Language is important
Please stop using jargon such as at-risk and underserved. These terms undermine your clients/community. These aren’t terms your donors use, anyway. Use language they’ll understand.
You also don’t want to give the impression that your organization is coming in to save someone. This is especially important if the majority of your staff and donors are white, but your clients are people of color. This is known as white savior complex. Most likely that’s not intentional on your part, but watching how you tell your stories will help you avoid that. Be respectful of your clients/community.
Your stories aren’t about your organization
Keep in mind that your stories aren’t about your organization. Your organization may have had to make a lot of changes over the last two years to do some of the work you do, but that’s not your story. Your story is why this is important for the people/community you work with.
Maybe you had to change the way you run your food pantry, but what’s most important is that people in your community continue to have access to healthy food.
Make your stories personal
Tell a story of one (person or family). Use people’s names to make your stories more personal. I realize you might run into confidentiality issues, but you can change names to protect someone’s privacy. You could also do a composite story, but don’t make up anything.
Use different stories for different types of communication
Create a story bank to help you organize all your stories. You want to use stories as much as possible. Use them in your appeals, thank you letters, newsletters, updates, annual reports, website, blog, and other types of social media.
While you can come up with some core stories, they’ll be slightly different depending on the type of communication.
In a fundraising appeal, you want to highlight a problem or need. Let’s return to the food pantry example. Here you can tell a story about Lisa, a working single mother with three kids who’s having trouble feeding her family because of rising food costs.
In your thank you letter, you can let your donors know that because of their generous gift, Lisa can get healthy food for her family at the Westside Community Food Bank.
Then in your newsletter, annual report, or update, you can tell a success story that because of your generous donors, Lisa doesn’t have to worry so much about how she’ll be able to put food on the table.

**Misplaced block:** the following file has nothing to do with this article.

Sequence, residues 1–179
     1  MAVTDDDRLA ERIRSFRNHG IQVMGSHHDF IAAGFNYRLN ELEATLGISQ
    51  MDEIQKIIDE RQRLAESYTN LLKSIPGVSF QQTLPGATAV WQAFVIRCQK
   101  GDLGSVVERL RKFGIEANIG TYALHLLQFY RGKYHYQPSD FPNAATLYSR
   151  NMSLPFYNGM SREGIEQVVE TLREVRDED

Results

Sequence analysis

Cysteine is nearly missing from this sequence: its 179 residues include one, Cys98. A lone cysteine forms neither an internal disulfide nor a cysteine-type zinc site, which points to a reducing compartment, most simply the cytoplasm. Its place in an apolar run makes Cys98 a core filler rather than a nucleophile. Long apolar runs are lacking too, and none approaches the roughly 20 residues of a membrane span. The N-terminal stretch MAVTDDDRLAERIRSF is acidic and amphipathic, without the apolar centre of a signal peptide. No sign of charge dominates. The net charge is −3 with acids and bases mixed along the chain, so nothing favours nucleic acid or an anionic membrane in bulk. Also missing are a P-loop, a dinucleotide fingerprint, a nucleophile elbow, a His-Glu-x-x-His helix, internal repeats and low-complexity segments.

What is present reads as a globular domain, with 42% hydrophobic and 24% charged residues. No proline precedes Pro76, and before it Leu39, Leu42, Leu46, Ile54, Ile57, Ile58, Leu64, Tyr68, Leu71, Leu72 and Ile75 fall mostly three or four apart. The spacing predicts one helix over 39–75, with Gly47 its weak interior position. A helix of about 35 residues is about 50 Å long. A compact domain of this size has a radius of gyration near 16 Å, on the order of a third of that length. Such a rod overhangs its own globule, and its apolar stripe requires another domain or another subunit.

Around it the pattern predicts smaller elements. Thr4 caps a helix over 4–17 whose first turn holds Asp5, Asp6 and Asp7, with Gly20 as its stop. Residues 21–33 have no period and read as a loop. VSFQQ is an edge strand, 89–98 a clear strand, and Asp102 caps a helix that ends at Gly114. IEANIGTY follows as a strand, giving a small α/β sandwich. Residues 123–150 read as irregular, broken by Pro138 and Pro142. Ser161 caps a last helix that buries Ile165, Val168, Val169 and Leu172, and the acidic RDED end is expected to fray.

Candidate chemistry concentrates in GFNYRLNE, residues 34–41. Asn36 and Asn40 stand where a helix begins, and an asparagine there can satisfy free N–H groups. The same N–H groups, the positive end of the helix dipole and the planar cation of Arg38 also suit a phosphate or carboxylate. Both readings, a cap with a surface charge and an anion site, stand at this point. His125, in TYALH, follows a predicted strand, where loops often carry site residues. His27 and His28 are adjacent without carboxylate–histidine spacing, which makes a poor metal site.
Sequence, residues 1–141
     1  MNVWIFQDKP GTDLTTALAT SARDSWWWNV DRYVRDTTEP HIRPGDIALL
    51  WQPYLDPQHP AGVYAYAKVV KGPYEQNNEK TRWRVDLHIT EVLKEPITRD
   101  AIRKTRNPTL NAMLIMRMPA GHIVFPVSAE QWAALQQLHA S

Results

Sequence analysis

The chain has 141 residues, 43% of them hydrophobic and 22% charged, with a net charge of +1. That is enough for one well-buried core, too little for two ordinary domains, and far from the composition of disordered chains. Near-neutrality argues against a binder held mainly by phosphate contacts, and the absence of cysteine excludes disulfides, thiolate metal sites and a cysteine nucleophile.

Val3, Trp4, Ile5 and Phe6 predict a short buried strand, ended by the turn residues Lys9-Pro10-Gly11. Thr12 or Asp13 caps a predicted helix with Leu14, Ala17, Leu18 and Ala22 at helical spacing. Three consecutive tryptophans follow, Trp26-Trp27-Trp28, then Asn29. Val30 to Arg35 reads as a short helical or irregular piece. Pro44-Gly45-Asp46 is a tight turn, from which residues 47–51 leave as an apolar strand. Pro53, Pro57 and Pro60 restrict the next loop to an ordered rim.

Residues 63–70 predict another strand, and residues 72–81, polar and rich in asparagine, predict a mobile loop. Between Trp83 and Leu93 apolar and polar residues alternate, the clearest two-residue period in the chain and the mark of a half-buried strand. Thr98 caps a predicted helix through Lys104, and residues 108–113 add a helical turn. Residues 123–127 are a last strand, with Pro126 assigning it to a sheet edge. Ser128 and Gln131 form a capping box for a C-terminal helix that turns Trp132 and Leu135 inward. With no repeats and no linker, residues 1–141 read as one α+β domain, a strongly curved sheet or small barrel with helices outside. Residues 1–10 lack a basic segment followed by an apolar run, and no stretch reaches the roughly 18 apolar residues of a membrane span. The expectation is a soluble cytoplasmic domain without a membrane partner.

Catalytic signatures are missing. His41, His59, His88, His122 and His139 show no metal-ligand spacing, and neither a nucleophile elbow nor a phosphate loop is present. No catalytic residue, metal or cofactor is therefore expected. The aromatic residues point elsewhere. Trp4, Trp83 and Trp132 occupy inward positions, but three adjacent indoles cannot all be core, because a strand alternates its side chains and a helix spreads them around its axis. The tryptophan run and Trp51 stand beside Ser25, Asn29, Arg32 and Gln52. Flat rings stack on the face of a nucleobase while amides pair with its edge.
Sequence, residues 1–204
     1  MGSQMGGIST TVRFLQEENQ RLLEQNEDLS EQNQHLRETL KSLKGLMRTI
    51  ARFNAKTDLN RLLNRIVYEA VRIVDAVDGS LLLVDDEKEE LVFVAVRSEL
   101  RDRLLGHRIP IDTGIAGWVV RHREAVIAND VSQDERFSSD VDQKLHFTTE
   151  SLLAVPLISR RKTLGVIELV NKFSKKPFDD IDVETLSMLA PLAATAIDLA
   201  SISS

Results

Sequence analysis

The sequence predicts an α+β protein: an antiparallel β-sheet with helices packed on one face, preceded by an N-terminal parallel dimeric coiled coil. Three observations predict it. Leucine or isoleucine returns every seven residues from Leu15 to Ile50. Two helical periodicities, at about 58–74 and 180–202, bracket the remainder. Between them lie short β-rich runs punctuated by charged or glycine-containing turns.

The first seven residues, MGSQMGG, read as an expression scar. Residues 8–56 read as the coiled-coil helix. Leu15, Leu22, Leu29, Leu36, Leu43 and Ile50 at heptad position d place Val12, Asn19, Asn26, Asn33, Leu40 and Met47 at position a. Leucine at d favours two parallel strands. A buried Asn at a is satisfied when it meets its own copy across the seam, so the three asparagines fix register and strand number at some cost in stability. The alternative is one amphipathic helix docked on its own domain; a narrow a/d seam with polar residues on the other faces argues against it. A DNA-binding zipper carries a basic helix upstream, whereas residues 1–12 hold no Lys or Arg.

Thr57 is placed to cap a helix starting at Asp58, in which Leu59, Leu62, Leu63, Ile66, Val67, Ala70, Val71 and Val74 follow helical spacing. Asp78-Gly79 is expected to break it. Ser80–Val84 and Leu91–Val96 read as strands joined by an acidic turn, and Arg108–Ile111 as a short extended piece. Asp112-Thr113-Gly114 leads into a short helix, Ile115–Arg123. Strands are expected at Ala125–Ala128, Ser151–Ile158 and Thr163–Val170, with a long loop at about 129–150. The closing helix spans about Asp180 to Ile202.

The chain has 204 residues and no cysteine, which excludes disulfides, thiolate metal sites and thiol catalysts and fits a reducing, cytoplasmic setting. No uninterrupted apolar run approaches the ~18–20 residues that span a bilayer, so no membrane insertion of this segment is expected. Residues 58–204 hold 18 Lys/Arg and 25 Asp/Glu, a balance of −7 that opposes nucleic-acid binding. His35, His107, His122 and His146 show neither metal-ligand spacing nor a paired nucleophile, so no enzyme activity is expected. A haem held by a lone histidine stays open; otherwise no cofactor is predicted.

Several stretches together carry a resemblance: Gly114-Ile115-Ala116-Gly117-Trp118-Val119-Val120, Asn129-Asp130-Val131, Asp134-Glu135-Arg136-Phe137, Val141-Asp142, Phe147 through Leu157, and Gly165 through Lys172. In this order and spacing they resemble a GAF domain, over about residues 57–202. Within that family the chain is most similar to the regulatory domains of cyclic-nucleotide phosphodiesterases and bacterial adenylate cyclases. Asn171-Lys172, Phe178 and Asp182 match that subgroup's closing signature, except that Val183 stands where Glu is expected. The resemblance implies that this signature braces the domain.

Make connections with your donors by sharing stories. In my next post, I’ll write about sharing visual stories.
Over the summer I’ve written about the importance of building relationships and having a strong monthly giving program. This post combines both of these topics.
Specifically, I want to focus on building relationships with your current monthly donors.
Don’t take these donors for granted. Monthly donors stepped up during the height of the pandemic and you should be able to rely on them during any economic uncertainty.
This doesn’t magically happen. You need to devote time to connecting with these valuable donors.
Make a plan
First, create a plan for your monthly donor communication. Although I’m emphasizing summer, you need to communicate with your monthly donors (and all donors) throughout the year. I like to say because these donors support you every month, you should reciprocate by communicating with them at least once a month.
You can incorporate this into yourcommunications calendar. Fill it with ways to show gratitude and share updates. You can use a variety of channels. Here are some ideas to get started.
Send something by mail
How often do you get something personal in the mail? Not often, right? And when you do, it stands out.
How about sending a handwritten note to your monthly donors? Another option is to create a postcard thank you and/or update. Your donors will really appreciate this nice gesture.
Create a video
Videos are a great way to connect and they’re not that hard to create. If you can personalize it, all the better. Otherwise, you can create a general one that thanks your monthly donors.
You can also create a video that gives a behind-the-scenes look at your organization or a virtual tour.
Spruce up those automatic thank you emails
Those automatic thank you emails you may have set up don’t count as part of your monthly donor connection plan. It’s fine to create these, but you don’t have to. While these monthly acknowledgments offer donors reassurance that the organization received their gift, they’re often uninspiring. Many of these acknowledgments are just receipts and a receipt is not a thank you.